I recently read the book The Paris Wife, which is a fictional story based on Hemingway’s first marriage. I’ve been hearing about this book for a couple of years now, and I finally picked it up on a recent trip to the library. This book is a somewhat dramatic version of real life, but as I read it, I couldn’t escape the thought that it portrayed more truth than we would like to admit.
It’s a story of lust, affairs, alcoholism, emotional dependency and so much more. Many modern American evangelical Christians would say that they can’t relate to these characters – no way would we make similar choices or choose to live like that. But, in reality, what’s lying beneath the surface of this story describes our brokenness and depravity.
There was a spotlight on four different ways we live destructive lives, all of which we can relate to.
- We allow relationships to define our self-worth. Hemingway’s wife devoted her whole being to her husband and his craft. She believed that she was created for his success, which meant that his admiration and love gave her purpose. When that love was gone, she lost her identity. What person or relationship do you allow to dictate your worth? Your kids, spouse, family? Let it go and let God reveal who you truly are.
- Sometimes, we are more like Hemingway’s character and we let our work determine our identity and worth. It’s so easy to slip into the trap and believe that vocational success means you’re finally good enough. When work is gone, you’re left abandoned without a sense of true fulfillment. Who are you working for? Yourself, your boss, or God?
- When we let a relationship or our work define our worth, we often have a difficult time confronting conflict. We’re unwilling to get messy and talk about the hard truth. It’s as if we bring light to what’s really going on beneath the surface, it will disappear, and take our identity with it. Are you confident enough in who you are in Christ to be diligent with healthy, unfiltered dialogue?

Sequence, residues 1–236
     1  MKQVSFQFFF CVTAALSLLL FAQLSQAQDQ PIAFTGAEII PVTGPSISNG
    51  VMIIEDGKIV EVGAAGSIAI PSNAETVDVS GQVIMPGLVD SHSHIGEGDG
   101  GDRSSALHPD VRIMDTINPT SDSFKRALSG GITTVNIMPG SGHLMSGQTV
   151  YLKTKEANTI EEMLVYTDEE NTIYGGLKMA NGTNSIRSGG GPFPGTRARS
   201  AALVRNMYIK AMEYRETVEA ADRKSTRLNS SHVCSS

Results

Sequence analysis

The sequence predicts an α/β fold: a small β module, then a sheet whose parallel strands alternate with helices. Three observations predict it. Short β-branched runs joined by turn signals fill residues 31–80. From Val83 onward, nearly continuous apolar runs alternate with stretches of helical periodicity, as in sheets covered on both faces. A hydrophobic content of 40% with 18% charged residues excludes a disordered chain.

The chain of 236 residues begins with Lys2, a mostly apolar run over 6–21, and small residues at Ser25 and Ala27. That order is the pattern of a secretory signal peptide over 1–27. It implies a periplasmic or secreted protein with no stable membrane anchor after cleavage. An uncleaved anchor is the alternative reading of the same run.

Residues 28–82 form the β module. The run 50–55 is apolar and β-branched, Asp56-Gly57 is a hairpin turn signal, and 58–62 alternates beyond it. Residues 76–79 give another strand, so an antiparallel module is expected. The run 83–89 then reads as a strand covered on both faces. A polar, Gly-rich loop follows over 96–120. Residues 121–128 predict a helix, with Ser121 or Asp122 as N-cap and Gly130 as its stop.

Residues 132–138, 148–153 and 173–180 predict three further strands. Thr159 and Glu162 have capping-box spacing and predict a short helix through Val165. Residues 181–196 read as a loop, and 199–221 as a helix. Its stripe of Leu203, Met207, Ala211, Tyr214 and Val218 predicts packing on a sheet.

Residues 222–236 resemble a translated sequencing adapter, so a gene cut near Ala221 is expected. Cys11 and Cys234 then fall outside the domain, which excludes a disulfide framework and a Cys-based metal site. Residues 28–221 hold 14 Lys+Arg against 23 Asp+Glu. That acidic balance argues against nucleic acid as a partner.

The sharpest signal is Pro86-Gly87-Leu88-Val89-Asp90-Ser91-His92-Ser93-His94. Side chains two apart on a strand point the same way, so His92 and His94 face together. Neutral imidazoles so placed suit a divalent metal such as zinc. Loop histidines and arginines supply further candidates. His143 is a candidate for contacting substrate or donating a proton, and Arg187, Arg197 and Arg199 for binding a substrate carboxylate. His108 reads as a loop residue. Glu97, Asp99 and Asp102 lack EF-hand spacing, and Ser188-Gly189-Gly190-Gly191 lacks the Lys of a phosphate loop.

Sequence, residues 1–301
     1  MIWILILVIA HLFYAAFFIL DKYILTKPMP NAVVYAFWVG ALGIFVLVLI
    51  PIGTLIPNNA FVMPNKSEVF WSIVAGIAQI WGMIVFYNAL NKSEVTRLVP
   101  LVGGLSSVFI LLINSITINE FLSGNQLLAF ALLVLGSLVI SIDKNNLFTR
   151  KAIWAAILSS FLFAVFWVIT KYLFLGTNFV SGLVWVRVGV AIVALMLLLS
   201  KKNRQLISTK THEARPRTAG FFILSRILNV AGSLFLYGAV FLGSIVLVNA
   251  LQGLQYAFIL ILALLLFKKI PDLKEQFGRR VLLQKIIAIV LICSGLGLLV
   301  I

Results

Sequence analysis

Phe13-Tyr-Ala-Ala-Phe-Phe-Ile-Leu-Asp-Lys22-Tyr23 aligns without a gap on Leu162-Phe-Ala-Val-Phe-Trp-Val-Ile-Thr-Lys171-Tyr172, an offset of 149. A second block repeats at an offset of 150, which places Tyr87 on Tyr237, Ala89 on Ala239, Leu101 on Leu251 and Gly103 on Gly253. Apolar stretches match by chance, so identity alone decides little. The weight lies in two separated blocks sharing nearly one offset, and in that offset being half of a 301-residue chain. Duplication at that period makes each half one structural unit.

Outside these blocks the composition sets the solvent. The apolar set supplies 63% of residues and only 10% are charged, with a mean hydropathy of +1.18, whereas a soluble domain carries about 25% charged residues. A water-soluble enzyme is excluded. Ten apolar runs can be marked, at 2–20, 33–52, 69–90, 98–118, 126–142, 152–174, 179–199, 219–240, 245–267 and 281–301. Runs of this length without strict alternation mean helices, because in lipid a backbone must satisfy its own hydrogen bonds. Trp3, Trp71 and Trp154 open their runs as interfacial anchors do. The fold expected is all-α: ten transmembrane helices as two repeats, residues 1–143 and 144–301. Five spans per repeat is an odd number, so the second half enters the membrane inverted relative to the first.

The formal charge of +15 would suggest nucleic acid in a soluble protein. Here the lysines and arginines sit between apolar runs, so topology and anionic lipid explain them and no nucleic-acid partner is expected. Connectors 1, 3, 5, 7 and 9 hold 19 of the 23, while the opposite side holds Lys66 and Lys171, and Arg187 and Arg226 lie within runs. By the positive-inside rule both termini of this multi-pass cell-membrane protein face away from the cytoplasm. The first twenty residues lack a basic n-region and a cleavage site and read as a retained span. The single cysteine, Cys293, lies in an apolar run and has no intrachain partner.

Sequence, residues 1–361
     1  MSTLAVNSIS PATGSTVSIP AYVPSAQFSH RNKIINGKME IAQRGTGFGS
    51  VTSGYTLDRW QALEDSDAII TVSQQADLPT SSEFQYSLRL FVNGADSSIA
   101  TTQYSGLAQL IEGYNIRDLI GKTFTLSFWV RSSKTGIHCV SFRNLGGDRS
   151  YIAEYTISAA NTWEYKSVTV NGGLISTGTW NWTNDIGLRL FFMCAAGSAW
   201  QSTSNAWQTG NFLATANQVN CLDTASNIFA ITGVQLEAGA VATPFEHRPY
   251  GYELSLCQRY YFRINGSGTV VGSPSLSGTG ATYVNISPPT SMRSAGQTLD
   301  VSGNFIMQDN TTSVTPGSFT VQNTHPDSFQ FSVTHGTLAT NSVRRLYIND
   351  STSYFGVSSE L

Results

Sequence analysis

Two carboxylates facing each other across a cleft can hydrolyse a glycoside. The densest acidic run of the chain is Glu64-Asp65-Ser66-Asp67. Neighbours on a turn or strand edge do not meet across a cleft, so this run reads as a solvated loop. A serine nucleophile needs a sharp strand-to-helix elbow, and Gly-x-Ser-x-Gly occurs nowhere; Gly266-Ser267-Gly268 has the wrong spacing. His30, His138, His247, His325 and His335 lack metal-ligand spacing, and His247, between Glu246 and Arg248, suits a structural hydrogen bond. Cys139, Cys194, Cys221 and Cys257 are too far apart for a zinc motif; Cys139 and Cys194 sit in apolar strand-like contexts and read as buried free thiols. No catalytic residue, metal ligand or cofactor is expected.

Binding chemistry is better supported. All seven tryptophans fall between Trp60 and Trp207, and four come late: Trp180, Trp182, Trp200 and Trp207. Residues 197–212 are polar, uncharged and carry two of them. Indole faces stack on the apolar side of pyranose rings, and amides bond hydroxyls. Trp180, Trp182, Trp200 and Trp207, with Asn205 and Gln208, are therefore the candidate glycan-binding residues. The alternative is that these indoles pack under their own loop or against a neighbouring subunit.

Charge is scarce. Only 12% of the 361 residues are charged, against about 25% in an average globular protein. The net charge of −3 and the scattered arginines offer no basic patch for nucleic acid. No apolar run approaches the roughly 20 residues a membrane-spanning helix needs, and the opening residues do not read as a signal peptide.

- We live in a world of entitlement, that’s not a surprise to us. When we want something we just take it. Hemingway lived this way. When he wanted another woman or a thing they couldn’t afford, he just took it. It’s a pandemic issue that’s sweeping our culture. Do you simply take what you want, even the seemingly small things? Are you actively pursuing self-discipline?
All of these are questions I wrestled with as I read this book, and unfortunately I didn’t like all of my answers.
There was a lot of talk about bravery throughout, and sadly, Hemingway never discovered what true bravery really was. In his mind it meant going for what he wanted, no matter the cost. In reality, when we know Jesus, we know that bravery means stepping out and doing things differently. It means abandoning ourselves to him, and looking to him alone for our worth and identity.
And that is my prayer for myself and for you, that we would all learn to live brave lives.
Too often we forget that fiction has the potential to impact our lives and help us grow. We just have to be diligent and intentional about learning from the characters and stories. If you haven’t read this book already, you should really go get it. I would love to hear what you think, and if you saw anything differently.